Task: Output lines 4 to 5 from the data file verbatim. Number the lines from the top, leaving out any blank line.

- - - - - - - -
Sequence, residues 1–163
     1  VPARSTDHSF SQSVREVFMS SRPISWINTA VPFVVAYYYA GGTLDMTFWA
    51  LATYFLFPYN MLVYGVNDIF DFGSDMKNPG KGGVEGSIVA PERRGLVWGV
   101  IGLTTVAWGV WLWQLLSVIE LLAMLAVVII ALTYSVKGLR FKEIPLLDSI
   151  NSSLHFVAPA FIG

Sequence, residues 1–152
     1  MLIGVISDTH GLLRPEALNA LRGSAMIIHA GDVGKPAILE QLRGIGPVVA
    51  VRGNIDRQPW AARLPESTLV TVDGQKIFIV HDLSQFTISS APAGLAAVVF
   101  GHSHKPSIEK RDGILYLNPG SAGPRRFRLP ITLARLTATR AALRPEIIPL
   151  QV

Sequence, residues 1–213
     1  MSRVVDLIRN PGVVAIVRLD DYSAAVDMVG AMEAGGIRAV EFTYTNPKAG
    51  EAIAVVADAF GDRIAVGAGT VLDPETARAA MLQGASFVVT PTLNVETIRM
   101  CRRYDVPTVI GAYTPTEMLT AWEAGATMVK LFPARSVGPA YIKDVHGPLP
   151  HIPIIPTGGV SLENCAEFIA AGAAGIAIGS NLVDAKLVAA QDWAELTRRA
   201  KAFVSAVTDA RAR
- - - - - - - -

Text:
   101  IGLTTVAWGV WLWQLLSVIE LLAMLAVVII ALTYSVKGLR FKEIPLLDSI
   151  NSSLHFVAPA FIG